HOUSE FINANCE COMMITTEE April 8, 2021 2:03 p.m. 2:03:32 PM CALL TO ORDER Co-Chair Foster called the House Finance Committee meeting to order at 2:03 p.m. MEMBERS PRESENT Representative Neal Foster, Co-Chair Representative Kelly Merrick, Co-Chair Representative Dan Ortiz, Vice-Chair Representative Ben Carpenter Representative Bryce Edgmon Representative DeLena Johnson Representative Andy Josephson Representative Bart LeBon Representative Sara Rasmussen Representative Steve Thompson Representative Adam Wool MEMBERS ABSENT None PRESENT VIA TELECONFERENCE Janye Andreen, Alaska Public Health Association, Juneau; Natalie Wojchik, Executive Director, Sitkans Against Family Violence, Sitka; Sabrina Sutton, President, Kodiak Borough Education Association, Kodiak; Jonas Lamb, President, Alaska Library Association, Juneau; Andy Anderson, City Council of Dillingham, Dillingham; Max Angellan, Self, Kwethluk; Sarah Hanson-Hofstetter, Working Against Violence for Everyone (WAVE), Petersburg; Tom Brice, University of Alaska Fairbanks Alumni Association, Juneau; Melissa Henshaw, Public Relations Director, City and Borough of Sitka, Sitka; Cris Eichenlaub, Self, Wasilla; Rowena Palomar, Executive Director, Advocates for Victims of Violence Valdez, Valdez; Rodney Dial, Mayor, Ketchikan Gateway Borough, Ketchikan; Bob Sivertsen, Self, Ketchikan; Robert Purcell, KBBI Public Broadcasting, Homer; Roxanne Murphy, Assistant City Manager, City of Valdez, Valdez; Jennifer Canfield, Chair, KTOO Board of Directors, Juneau; Dawson Moore, Board President, Advocates for Victims of Domestic Violence, Valdez; Helen Clough, Self, Juneau; Tanya Kvasnikoff, Self, Dillingham; Eryn Ruppert, Resource Advocate, Women in Safe Homes (WISH), Ketchikan; Beverly Richardson, Self, Petersburg; Deborah Hayden, Self, Ketchikan; Carmen Lowry, Executive Director, Alaska Network on Domestic Violence and Sexual Assault (ANDVSA), Juneau; Jaclyn Sallee, Self, Anchorage; Tom Abbott, Self, Petersburg; Ghert Abbott, Self, Ketchikan; Blue Shibler, Self, Juneau; Vikki Jo Kennedy, Self, Juneau; Joy Lyon, Executive Director, Association for the Education of Young Children, Juneau. SUMMARY HB 69 APPROP: OPERATING BUDGET/LOANS/FUNDS HB 69 was HEARD and HELD in committee for further consideration. HB 71 APPROP: MENTAL HEALTH BUDGET HB 71 was HEARD and HELD in committee for further consideration. PUBLIC TESTIMONY: OFFNET SITES - JUNEAU, SITKA, PETERSBURG, DELTA JUNCTION, DILLINGHAM, GLENALLEN, VALDEZ, WRANGELL, HOMER, KETCHIKAN, KODIAK, SEWARD Co-Chair Foster reviewed the agenda for the day. HOUSE BILL NO. 69 "An Act making appropriations for the operating and loan program expenses of state government and for certain programs; capitalizing funds; amending appropriations; making reappropriations; making supplemental appropriations; making appropriations under art. IX, sec. 17(c), Constitution of the State of Alaska, from the constitutional budget reserve fund; and providing for an effective date." HOUSE BILL NO. 71 "An Act making appropriations for the operating and capital expenses of the state's integrated comprehensive mental health program; making supplemental appropriations; and providing for an effective date." 2:04:15 PM ^PUBLIC TESTIMONY: OFFNET SITES - JUNEAU, SITKA, PETERSBURG, DELTA JUNCTION, DILLINGHAM, GLENALLEN, VALDEZ, WRANGELL, HOMER, KETCHIKAN, KODIAK, SEWARD Co-Chair Foster indicated the committee would be hearing public testimony from the communities of Juneau, Sitka, Petersburg, Delta Junction, Dillingham, Glenallen, Valdez, Wrangell, Home, Ketchikan, Kodiak, and Seward. He provided general instructions for testifiers and provided the email and call-in numbers for submitting public comments. 2:07:11 PM JANYE ANDREEN, ALASKA PUBLIC HEALTH ASSOCIATION, JUNEAU (via teleconference), spoke in support of the $1.5 million increase for public health nursing personnel. She stressed that public health nursing in conjunction with the tribal health system was the cornerstone of community public health services. She advocated the importance of public health nurse staffing on the ground. She reported that Alaska had cut approximately $6 million from public health nursing since 2014, which resulted in a reduction in services and staffing. She provided statistics on the number of programs and services that had been eliminated due to cuts. She stressed that the number of teen pregnancies had increased, the number of immunizations had decreased, syphilis had dramatically increased and Alaska current lead the country in the cases of Gonorrhea. She spoke of temporary federal funding that had helped augment the public health response. She reiterated her support for additional funding for public health. 2:11:06 PM NATALIE WOJCHIK, EXECUTIVE DIRECTOR, SITKANS AGAINST FAMILY VIOLENCE, SITKA (via teleconference), spoke in support of funding for domestic violence. She thanked the Department of Public Safety (DPS) subcommittee for its work to fully fund victims' services through the Council on Domestic Violence and Sexual Assault (CDVSA). She indicated agencies receiving funding from CDVSA had recently been notified that Victims of Crimes Act (VOCA) funds had been reduced by 30 percent for FY 22. She stressed it meant there would be a $230,000 cut, which would have a devastating impact on victims of domestic violence and sexual assault throughout Alaska. She reported that the organization would have to cut its legal advocacy services in half, reduce on call advocacy, and cut its children's programming. She had witnessed the importance of providing refuge for victims. She spoke about the state's high rate of domestic violence including violence against children. She asked the committee to consider allocating general funds to cover the gap. Co-Chair Foster asked Ms. Wojchik to restate the reduction amount. Ms. Wojchik answered that every program receiving CDVSA funding throughout the state would receive a 30 percent cut to victims' services. The Sitka program would be cut by approximately $230,000. 2:14:04 PM SABRINA SUTTON, PRESIDENT, KODIAK BOROUGH EDUCATION ASSOCIATION, KODIAK (via teleconference), urged members to use the 2019 enrollment count for education funding for the FY 22 budget. She provided information about the Kodiak Borough Education Association. She was concerned that passing a budget based on the 2020 enrollment count would mean the schools would not have the resources needed for all of the students going back to classrooms in 2021. 2:15:02 PM JONAS LAMB, PRESIDENT, ALASKA LIBRARY ASSOCIATION, JUNEAU (via teleconference), testified in support of the Alaska library catalogue and the Statewide Library Electronic Doorway (SLED), two core library services benefitting all Alaskans. He shared that during the 2020 legislative session $635,900 had been approved by the legislature for the items; however, the funding had been vetoed by Governor Dunleavy. He stressed that the need for the funding remained, driven by the past seven years of budget reductions to library operational funding. The programs acted as bridges across the states digital rural/urban divide and provided equitable access to important resources. He provided statistics about the increased usage of library programs during the pandemic. He requested the appropriation of $635,900 for the Alaska State Library. Co-Chair Foster reported that the subcommittee had funded both programs in the subcommittee process. Vice-Chair Ortiz confirmed Co-Chair Foster was correct. 2:17:51 PM ANDY ANDERSON, CITY COUNCIL OF DILLINGHAM, DILLINGHAM (via teleconference), requested full funding for community assistance, school bond debt reimbursement, the Dillingham regional jail, the Dillingham Division of Motor Vehicles office, and Power Cost Equalization (PCE). He reported that Dillingham was operating in a perfect storm of a critical loss of state, federal, and local financial support. He detailed that the pandemic had resulted in lost revenue from bed and sales taxes. He provided statistics about the loss of funding and increased expenses. He asked the committee to hold harmless the community's shared fish taxes based on the FY 19 distribution. Co-Chair Foster asked for verification that Mr. Anderson's list included a request to fully fund community assistance, school bond debt reimbursement, the Dillingham regional jail, the Dillingham Division of Motor Vehicles office, Power Cost Equalization (PCE), and to hold harmless the community's shared fish taxes. Mr. Anderson agreed. He noted he was having difficulty hearing due to static on the phone line. Co-Chair Foster apologized for the poor connection and explained that the static was impacting multiple lines. 2:22:12 PM MAX ANGELLAN, SELF, KWETHLUK (via teleconference), spoke in support of public broadcasting. She shared that he had volunteered his time for over 20 years to the radio station KYUK. [Mr. Angellan was interrupted due to the poor sound quality]. 2:23:16 PM AT EASE 2:33:47 PM RECONVENED Co-Chair Foster indicated there was a problem with the phone lines. However, the committee would continue with public testimony. 2:34:40 PM Mr. Angellan continued with his testimony. He communicated that he served as the chairman for Bethel Broadcasting Inc. He reiterated his support for public broadcasting. He stressed the importance of public broadcasting for the region's villages. He highlighted the importance of public broadcasting for communication during the pandemic. 2:37:36 PM SARAH HANSON-HOFSTETTER, WORKING AGAINST VIOLENCE FOR EVERYONE (WAVE), PETERSBURG (via teleconference), spoke in support of funding for domestic violence and sexual assault services. She indicated agencies receiving funding from CDVSA had recently been notified that VOCA funds had been reduced by $4.1 million and that all victims' services should expect a cut of 30 percent to their grants for FY 22. She stressed that the cut would have a devastating impact on victims of domestic violence and sexual assault throughout Alaska. She asked the committee to help by finding a way to cover the gap created by the VOCA shortfall. She underscored Alaska's high rates of sexual assault and domestic violence. Co-Chair Foster thanked Ms. Hanson-Hofstetter for her testimony and added that her music was known statewide. Ms. Hanson-Hofstetter appreciated the compliment and thanked the committee. 2:40:10 PM TOM BRICE, UNIVERSITY OF ALASKA FAIRBANKS ALUMNI ASSOCIATION, JUNEAU (via teleconference), spoke in support of university funding. He detailed that he had been tracking the university funding since the late 1980s. He thought it was important to develop a plan to stop the bleeding in terms of cuts to the University of Alaska. He stated that the university would generate engineers, teachers, and healthcare professionals for the state's future. He believed coordinated efforts to for COVID-19 relief and infrastructure dollars would help divert limited General Fund dollars back into the classroom. He underscored that bad weather days, like the current one, were a good reminder of the need to maintain plow trucks and public buildings. 2:42:07 PM MELISSA HENSHAW, PUBLIC RELATIONS DIRECTOR, CITY AND BOROUGH OF SITKA, SITKA (via teleconference), spoke in support of continued support for school bond debt reimbursement at 70 percent, as originally agreed upon. She detailed that the proposed budget was half the original commitment, representing a loss to Sitka of $1.6 million. She requested support for community assistance program that had decreased by more than half from 2015. She relayed that the proposed budget for Sitka's portion was $415,000. She urged stable and predictable funding for school districts. She reported that school spending had averaged an annual increase of 2.57 percent over the last 10 years. She asked for continued support for the Alaska Marine Highway System. She thanked the committee. 2:43:40 PM CRIS EICHENLAUB, SELF, WASILLA (via teleconference), believed the state was mismanaging its resources. He advocated for a full statutory Permanent Fund Dividend (PFD). He stated that the PFD went to his grandchildren's education funds. He believed Alaska had the worst school systems in the nation. He thought the state's fiscal problem was a result of bloated budgets. He advocated for the repeal of SB 26. He thought the legislature needed to figure out which formula to use for the PFD. He did not support the POMV formula. He remarked that the statutory formula was based on fund earnings. 2:46:42 PM ROWENA PALOMAR, EXECUTIVE DIRECTOR, ADVOCATES FOR VICTIMS OF VIOLENCE VALDEZ, VALDEZ (via teleconference), appreciated Governor Dunleavy's recognition of April as sexual assault awareness month and for recognizing the need for more prosecuting attorneys in the Department of Law budget to respond to the backlog of sexual assault cases. She thanked the DPS subcommittee for fully funding victims' services. She indicated agencies receiving funding from CDVSA had recently been notified that VOCA funds had been reduced by $4.1 million and that all victims' services should expect a cut of 30 percent to their grants for FY 22. She reported that the Valdez program would be cut by $130,000. She provided information about the organization in Valdez. The organization would be forced to cut services if the cut took place. She asked the committee to help by finding a way to cover the gap created by the VOCA shortfall. She underscored Alaska's high rates of sexual assault and domestic violence. 2:49:51 PM RODNEY DIAL, MAYOR, KETCHIKAN GATEWAY BOROUGH, KETCHIKAN (via teleconference), spoke of the difficult financial times the borough was currently experiencing. Additionally, citizens were experiencing price increases for general merchandise such as building supplies and shipping costs. He remarked that cruise ships would likely not return until 2022 at the earliest, which had translated to a high unemployment rate in the region. He stressed that the city's tax revenues had dramatically decreased. He asked the legislature to honor its commitment to school bond debt reimbursement. He stated that canceling debt reimbursement was a discriminatory action that only impacted organized boroughs. He also asked that the legislature support funding for the AMHS and community assistance. He asked the legislature to avoid passing on new expenses to organized boroughs. He recommended looking for ways to encourage borough formation as a means to bring the state's fiscal house in order. He requested an increased distribution of the American Rescue Plan Act (ARPA) funds given to the state sent to areas of the state that had experienced the greatest fiscal hit from the pandemic. 2:52:18 PM BOB SIVERTSEN, SELF, KETCHIKAN (via teleconference), commented that the state had been in deficit spending mode for too long. He remarked that the state had depleted its reserves at an alarming rate. He stressed that revenues and expenses did not align, and he did not believe the deficit could be fixed with cuts alone. He believed it would be necessary to implement all broad-based taxes if a dent were to be made in the deficit. He did not support a draw on the earnings reserve account. He recommended addressing the appropriate use of the Permanent Fund through the POMV. He also suggested a POMV of 4.75 percent. He supported significantly smaller dividends and a larger portion of the funds directed to state spending needs. He noted the economic impact of cruise ships being canceled in FY 21. He reported the community had suffered a $200 million loss in cruise passenger spending, a 60 percent increase in unemployment and a $33 million loss to city revenues. He stated that revenue replacement for local governments needed to be considered. He asserted there had been a disparity in the ARPA funds distribution. The community needed help rather than more expenses. He thanked the committee for its time. 2:55:02 PM ROBERT PURCELL, KBBI PUBLIC BROADCASTING, HOMER (via teleconference), spoke in support of public radio. He provided information about his work background in Alaska. He shared that in his work in emergency management he had learned about the critical role that public radio played in preparing for, responding to, and recovering from disasters. He detailed that public radio covered news, public meetings, and could provide ongoing critical information. He reviewed several of the benefits of public radio. He explained that public radio supported federal agencies, and faith-based and other voluntary agencies assisting individuals and families. He elaborated that KBBI had a cooperative agreement for emergency communications with the City of Homer. He underscored that public radio was a critical resource. He thanked the committee. 2:57:08 PM ROXANNE MURPHY, ASSISTANT CITY MANAGER, CITY OF VALDEZ, VALDEZ (via teleconference), advocated for maintaining the Valdez DMV office, full funding for school bond debt reimbursement, and support for year-round AMHS operations. Additionally, she asked the committee to deny a proposal for the city to pay for misdemeanor prosecutions. She thanked the committee for its work. 2:57:59 PM JENNIFER CANFIELD, CHAIR, KTOO BOARD OF DIRECTORS, JUNEAU (via teleconference), spoke in strong support of approximately $1.6 million for rural public broadcasting. She elaborated that rural radio stations provided vital public safety alerts, potentially life-saving information. She reported that KTOO supported the inclusion of intent language that would direct the Public Broadcasting Commission to allocate the funding only to the rural stations, many of which had struggled during the pandemic to maintain local fundraising. She explained that without the funding request, stations may suffer further reductions to staff and services. She stressed that the stations should always be considered vital state infrastructure. She added that radio worked when other communication technologies were unavailable. 2:59:45 PM DAWSON MOORE, BOARD PRESIDENT, ADVOCATES FOR VICTIMS OF DOMESTIC VIOLENCE, VALDEZ (via teleconference), thanked the DPS subcommittee for fully funding victims' services under CDVSA. He indicated agencies receiving funding from CDVSA had recently been notified that VOCA funds had been reduced by $4.1 million and that all victims' services should expect a cut of 30 percent to their grants for FY 22. He underscored that crime victims should not expect to bear the brunt of the cuts. He provided information about the organization and its services in Valdez. He asked the committee to consider allocating state funds to cover the gap created by the VOCA shortfall. He underscored Alaska's high rates of sexual assault and domestic violence. Co-Chair Foster asked about the shortfall in federal funding. He wondered if the program had not been reauthorized. Mr. Moore replied that the situation had only just occurred in recent days and he did not have any additional details. 3:02:23 PM HELEN CLOUGH, SELF, JUNEAU (via teleconference), spoke in support of the AMHS. She was appalled with the lack of funding resulting in unreliable service. She stressed that inconsistent and unreliable service was a death nail to the system. She shared that she was no longer able to plan trips involving the ferry. She mentioned frequent breakdowns and maintenance issues. She urged increased funding, improved consistent maintenance, long-term funding for replacement vessels, use of marine highway staff to make repairs, and finding someway to have at least two vessels always operating in Southeast. She was concerned with the interruption of tourism because of the service breakdown. She stressed that the ferry system was an essential service. 3:04:51 PM TANYA KVASNIKOFF, SELF, DILLINGHAM (via teleconference), shared that she currently lived in a shelter and was a domestic violence survivor. She did not know where she would be without a shelter in the region. She was gratefully receiving life-saving support. She advocated the appropriation of state general funds to fill the gap created by federal funding cut to VOCA. 3:05:43 PM ERYN RUPPERT, RESOURCE ADVOCATE, WOMEN IN SAFE HOMES (WISH), KETCHIKAN (via teleconference), thanked the DPS subcommittee for fully funding victims' services under CDVSA. She indicated agencies receiving funding from CDVSA had recently been notified that VOCA funds had been reduced by $4.1 million and that all victims' services should expect a cut of 30 percent to their grants for FY 22. She detailed that the cut would be approximately $320,000 for WISH. She provided details about the organization. She highlighted that the organization would lose its counselor, child advocate, and legal advocate if the cuts came to fruition. The program would not have adequate staff to cover on call services. She asked the committee to consider allocating state funds to cover the gap created by the VOCA shortfall. She underscored Alaska's high rates of sexual assault and domestic violence. 3:08:11 PM BEVERLY RICHARDSON, SELF, PETERSBURG (via teleconference), spoke in support of public broadcasting funding under the Department of Administration budget for rural Alaska. She mentioned several benefits of public radio in smaller communities off the road system. She shared that public radio provided up to date access to national, state, and local news. She read a list of the programming that was beneficial to communities and residents. She explained that COVID-19 had been an opportunity to appreciate the importance of public radio. There had been a one-hour show providing updates about the pandemic. Co-Chair Foster indicated the static on the line was likely due to weather. 3:11:19 PM DEBORAH HAYDEN, SELF, KETCHIKAN (via teleconference), did not support additional PFDs. She shared that her economic development career spanned 30 years. She stressed that the legislature should not spend any excess revenues from the oil price increase on PFDs. She stressed that oil would not be around forever and that world policies were gearing towards alternative energies. She would rather have any excess funds deposited into the principle of the fund. She advocated putting as much money into the fund as possible to ensure that the fund would be available in the future. She encouraged the legislature to implement any needed taxes to close budget gaps. She did not want to see money taken from the ERA. She thanked the committee. 3:13:37 PM CARMEN LOWRY, EXECUTIVE DIRECTOR, ALASKA NETWORK ON DOMESTIC VIOLENCE AND SEXUAL ASSAULT (ANDVSA), JUNEAU (via teleconference), stressed that victims' services were facing an abrupt cut of up to $6 million. She indicated agencies receiving funding from CDVSA had recently been notified that VOCA funds had been reduced and that all victims' services should expect a cut of 30 percent to their grants for FY 22. She shared that she had sent the committee written testimony. She referenced all of the victims' services programs in Anchorage. She listed how the reductions would impact communities. Co-Chair Foster noted that the audio connection was poor, and he asked Ms. Lowry to call back in. 3:15:59 PM JACLYN SALLEE, SELF, ANCHORAGE (via teleconference), shared that she was the president and CEO of KNBA public radio that served Anchorage and Mat-Su with news, culture, and a special emphasis in serving the Alaska Native population. She provided information about her personal background. She spoke in support of restoring funding for public radio stations in the amount of $1.6 million with specific language that distributes the funding to the smaller stations throughout the state. She provided a list of stations that she thought deserved the funding. She spoke of the benefits of funding public radio. Most of the rural stations could not sustain the economic losses due to COVID-19. 3:19:59 PM Ms. Lowry restated her testimony. She provided information about ANDVSA. She stressed that victims' services were facing an abrupt and unexpected reduction in grant funds of up to $6 million. She indicated agencies receiving funding from CDVSA had recently been notified that VOCA funds had been reduced and that all victims' services should expect a cut of 30 percent to their grants for FY 22. She shared that she had sent the committee written testimony showing what the cuts would look like for specific agencies. She referenced all of the victims' services programs in Anchorage. She listed how the reductions would impact communities. She shared that rural communities were especially vulnerable. She supported the governor's efforts to address domestic violence and sexual assault. She asked members to consider allocating state general funds to fill the gap of federal funding. Co-Chair Foster asked what caused the abrupt federal funding. Ms. Lowry replied that the federal VOCA funds allocated to each state came from crime victim funds. She explained that crime victim funds were not taxpayer funds; the funds were the result of fines and penalties, mostly from corporate criminal cases. She elaborated that several years back there was a change in the way some of the cases were prosecuted and there became a greater leverage for prosecutors at the federal level to decide whether they were going to prosecute criminally or civilly. She detailed that many of the cases had been prosecuted civilly and any associated fines went into the general Treasury. Over the course of several years there had been fewer criminal convictions and fines being allocated to the VOCA fund. 3:24:30 PM TOM ABBOTT, SELF, PETERSBURG (via teleconference), asked for the restoration of partial to full funding for public broadcasting. He indicated that in the past two years public broadcasting funding had been vetoed by the governor. He underscored that public radio in rural areas of Alaska was vital and provided life-saving information. He highlighted of several incidents in which the radio stations provided critical safety information. He urged members to provide funding for public radio. 3:28:33 PM GHERT ABBOTT, SELF, KETCHIKAN (via teleconference), spoke in support of full Medicaid funding. He referenced the economic damage the town had suffered due to the pandemic. He stressed the importance of maintaining the social safety net for the community. He stated that any cuts to the public healthcare budget would compound the economic and human devastation the community had suffered. He did not want to see any health programs cut. Additionally, he spoke in support increased revenue via a state income tax in order for the public healthcare system to remain secure. 3:30:29 PM BLUE SHIBLER, SELF, JUNEAU (via teleconference), shared that she was an early educator. She appreciated the funding for early education and Pre-K programs. She shared that it had been exciting to follow multiple bills introduced in the current year that would move towards the expansion of Pre-K education. She reported that studies showed that investing in Pre-K reduced the need for public spending on remedial education, criminal justice systems, and other social support programs. She hoped the money currently included in the budget for early education was maintained. Representative Rasmussen thanked Blue for calling in to testify. 3:31:55 PM VIKKI JO KENNEDY, SELF, JUNEAU (via teleconference), spoke in strong support of funding essential services. She noted that the state had a Permanent Fund that was established to cover the needs of Alaska. She advocated using the ERA funds to provide services. She supported a reasonable state sales tax. 3:34:21 PM JOY LYON, EXECUTIVE DIRECTOR, ASSOCIATION FOR THE EDUCATION OF YOUNG CHILDREN, JUNEAU (via teleconference), spoke in support of stable funding for Pre-K education. She listed programs that benefited young children. She urged the legislature to make the investment in Alaska's children. She explained that the increase would work towards the goal of all children reading by the third grade. She emphasized that early education was the foundation for the future of Alaska. She thanked the committee for its work. Co-Chair Foster indicated the committee would continue hearing public testimony in the following day, April 9, 2021 at 1:30 p.m. HB 69 was HEARD and HELD in committee for further consideration. HB 71 was HEARD and HELD in committee for further consideration. ADJOURNMENT 3:38:20 PM The meeting was adjourned at 3:38 p.m.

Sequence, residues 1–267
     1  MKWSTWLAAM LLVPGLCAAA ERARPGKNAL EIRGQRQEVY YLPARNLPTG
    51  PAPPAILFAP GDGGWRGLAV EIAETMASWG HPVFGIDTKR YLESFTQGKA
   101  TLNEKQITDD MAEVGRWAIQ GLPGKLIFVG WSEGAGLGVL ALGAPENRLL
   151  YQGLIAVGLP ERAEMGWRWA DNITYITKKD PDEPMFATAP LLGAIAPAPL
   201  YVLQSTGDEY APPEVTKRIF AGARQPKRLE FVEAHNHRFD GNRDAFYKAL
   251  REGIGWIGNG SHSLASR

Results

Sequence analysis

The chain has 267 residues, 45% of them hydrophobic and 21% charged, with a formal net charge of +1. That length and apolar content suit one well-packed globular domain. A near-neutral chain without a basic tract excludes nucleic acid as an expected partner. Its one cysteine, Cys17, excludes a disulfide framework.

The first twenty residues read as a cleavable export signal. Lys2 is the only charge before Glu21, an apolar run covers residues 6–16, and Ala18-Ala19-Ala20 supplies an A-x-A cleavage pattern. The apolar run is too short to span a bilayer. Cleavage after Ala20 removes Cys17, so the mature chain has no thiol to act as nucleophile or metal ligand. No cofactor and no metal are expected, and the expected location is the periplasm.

|HB69 HF Public Testimony 4.8.21.pdf||
HFIN 4/8/2021 1:30:00 PM